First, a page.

Sunday, August 16, 2009

150 Slater progress: Piles of fun III

In the previous post on 150 Slater's progress, I documented the construction of retaining walls around the former Rideau Winter Club building.

I also briefly mentioned a negative space becoming a positive one. Such a transition is even more pronounced on another part of the 150 Slater site, which will be the topic of today's post.

The Premier building, whose history and final days I documented in Down, Down, Down, Update 1, was separated from the building at 235 Laurier by a small alley. Looking at the building, you barely noticed it. Being a negative space, it was defined by the absence of anything between two very definable structures.

Let's get our bearings for a moment. In the image below, we see O'Connor Street in the foreground, with 235 Laurier squarely framed. You can see how some of the original siding was not replaced when the blue and glass cladding was added earlier this decade. In the foreground are some patches in the asphalt where holes had been dug to cut off services to the now-demolished buildings on the 150 Slater site.

Here's a closeup of the former siding. It's made from that ugly reinforced institutional glass with a grid of metal wires inside. The glass is filthy with years of dirt and grime. If this part of the wall is too far out of sight to re-clad, evidently it isn't worth cleaning, either. But having them here gives insight on how the new cladding relates to the old exterior: The new cladding essentially enshrouds these concrete fins, as it comes out further and has a lip below them. though I'm sure there was much work behind the glass as well.

At the back of the building, right below the old wall, are a pair of emergency exits, a gas connection and some ventilation panels. Since the building is still in use, the emergency exits must remain usable during the construction at 150 Slater. So a little structure was built to protect the accessway during the demolition of the Premier.

When the Premier's remains were extracted in mid-May and its site became an empty hole, the former alley became an enclosed passageway. In effect, negative and positive switched places.

By mid-June, the Premier's foundation walls had been demolished and the hole was filled in. Evidently, the demolition was very thorough, as a makeshift wooden walkway needed to be built to preserve access from the fire exit.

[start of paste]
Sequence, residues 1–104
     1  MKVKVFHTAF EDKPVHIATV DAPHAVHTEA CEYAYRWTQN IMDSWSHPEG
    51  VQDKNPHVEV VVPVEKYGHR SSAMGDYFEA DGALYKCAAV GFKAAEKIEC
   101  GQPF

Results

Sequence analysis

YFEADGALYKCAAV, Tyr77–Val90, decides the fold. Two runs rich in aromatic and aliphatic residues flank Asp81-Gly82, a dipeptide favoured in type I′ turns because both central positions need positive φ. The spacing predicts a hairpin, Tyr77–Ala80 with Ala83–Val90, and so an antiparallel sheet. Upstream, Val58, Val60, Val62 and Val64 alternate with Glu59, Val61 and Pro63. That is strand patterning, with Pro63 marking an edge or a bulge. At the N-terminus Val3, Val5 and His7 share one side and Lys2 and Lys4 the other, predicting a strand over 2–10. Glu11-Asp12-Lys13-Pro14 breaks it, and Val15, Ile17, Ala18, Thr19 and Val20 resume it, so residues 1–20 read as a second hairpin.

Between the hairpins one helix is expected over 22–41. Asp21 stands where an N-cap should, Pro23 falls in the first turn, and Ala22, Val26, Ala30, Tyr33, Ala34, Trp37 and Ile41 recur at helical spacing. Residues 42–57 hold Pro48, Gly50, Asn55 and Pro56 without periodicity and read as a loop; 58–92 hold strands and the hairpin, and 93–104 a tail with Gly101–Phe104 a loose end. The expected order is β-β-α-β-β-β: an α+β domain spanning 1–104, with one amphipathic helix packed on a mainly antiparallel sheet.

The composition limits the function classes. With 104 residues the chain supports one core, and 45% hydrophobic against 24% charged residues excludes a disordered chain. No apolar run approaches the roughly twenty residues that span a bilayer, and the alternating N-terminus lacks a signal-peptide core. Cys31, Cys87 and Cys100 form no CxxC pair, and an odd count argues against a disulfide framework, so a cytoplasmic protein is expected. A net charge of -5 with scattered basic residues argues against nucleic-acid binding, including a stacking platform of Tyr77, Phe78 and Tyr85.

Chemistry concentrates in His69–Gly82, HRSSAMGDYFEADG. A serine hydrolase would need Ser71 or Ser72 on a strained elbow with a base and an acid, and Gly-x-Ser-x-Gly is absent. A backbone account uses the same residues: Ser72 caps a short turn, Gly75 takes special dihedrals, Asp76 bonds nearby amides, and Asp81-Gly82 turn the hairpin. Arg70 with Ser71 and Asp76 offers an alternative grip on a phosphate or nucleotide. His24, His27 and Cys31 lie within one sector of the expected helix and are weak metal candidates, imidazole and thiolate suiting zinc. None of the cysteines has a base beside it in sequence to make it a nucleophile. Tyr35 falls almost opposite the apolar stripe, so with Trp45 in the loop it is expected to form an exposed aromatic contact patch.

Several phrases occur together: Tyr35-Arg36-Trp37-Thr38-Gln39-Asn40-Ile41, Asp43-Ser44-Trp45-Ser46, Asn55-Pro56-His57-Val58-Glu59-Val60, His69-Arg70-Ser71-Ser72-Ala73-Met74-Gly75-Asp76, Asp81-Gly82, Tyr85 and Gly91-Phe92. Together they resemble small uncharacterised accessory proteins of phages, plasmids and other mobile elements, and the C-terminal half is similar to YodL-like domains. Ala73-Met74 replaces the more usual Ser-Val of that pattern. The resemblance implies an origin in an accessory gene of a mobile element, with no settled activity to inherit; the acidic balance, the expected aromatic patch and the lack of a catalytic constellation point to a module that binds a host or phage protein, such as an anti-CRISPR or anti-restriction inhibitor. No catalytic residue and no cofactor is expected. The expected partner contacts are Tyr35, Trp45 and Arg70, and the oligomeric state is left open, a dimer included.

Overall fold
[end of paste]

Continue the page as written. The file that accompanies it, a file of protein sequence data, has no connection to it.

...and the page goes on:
Under the boardwalk is revealed a gaping hole leftover from the foundation wall's demolition.

And in early July, piles had been driven and a retaining wall was built (as documented in the previous two posts on 150 Slater).

The gap under the walkway is still there, but the walkway is better supported now on the piles. You can also see a yellow hose--the gas line that comes from under the street to the back of the building. A worker is measuring the distance for the final segment of four-by-eights.

The machine used to install the tiebacks set me on a bent to learn more about construction of retaining walls. It's a very curious looking machine, which looks to me like the Predator alien from various films I haven't seen. It's rather photogenic, too, since its 'head' is suspended in the air at an angle.

Zooming in on the photo, I see the brand name Interoc, which suggests it may be an Interoc AN 140 Multi-purpose hydraulic drill rig. I believe this is the manufacturer's writeup. It's used to intall tiebacks, which is one fo the three primary ways of supporting retaining walls in construction sites, as illustrated in this diagram.

This particular rig, which is identified as unit number 05-28 in large black lettering on the back, is now being used at the construction site for 120 University, just over the Rideau Canal. A photo I have of the rig there has clearly written in the back, identifying the owner as Forages M.S.E. Drilling, Inc. of Ste-Martine, Quebec.

The previously-linked California PDF manual on foundations (28MB) has a good writeup on tiebacks beginning on page 11-1 (page 193 of the PDF), and a useful cross-section diagram on the following page.

In short, a cavity is drilled at the end of an angled hole behind the wall, and a steel wire is anchored into the cavity with concrete (the weight and firmness of the soil keeps it in place). A stretch of wire between the anchor and the wall, surrounded loosely by a shroud, can be tensioned to put pressure on the wall, holding it in place. Once tightened, a cap is placed on the wire to hold its position, and your wall is retained.

And that's it for the progress updates on 150 Slater. Let me show you the exit:

For all photos of 150 Slater's development, see previous posts marked with the "150 Slater" label.

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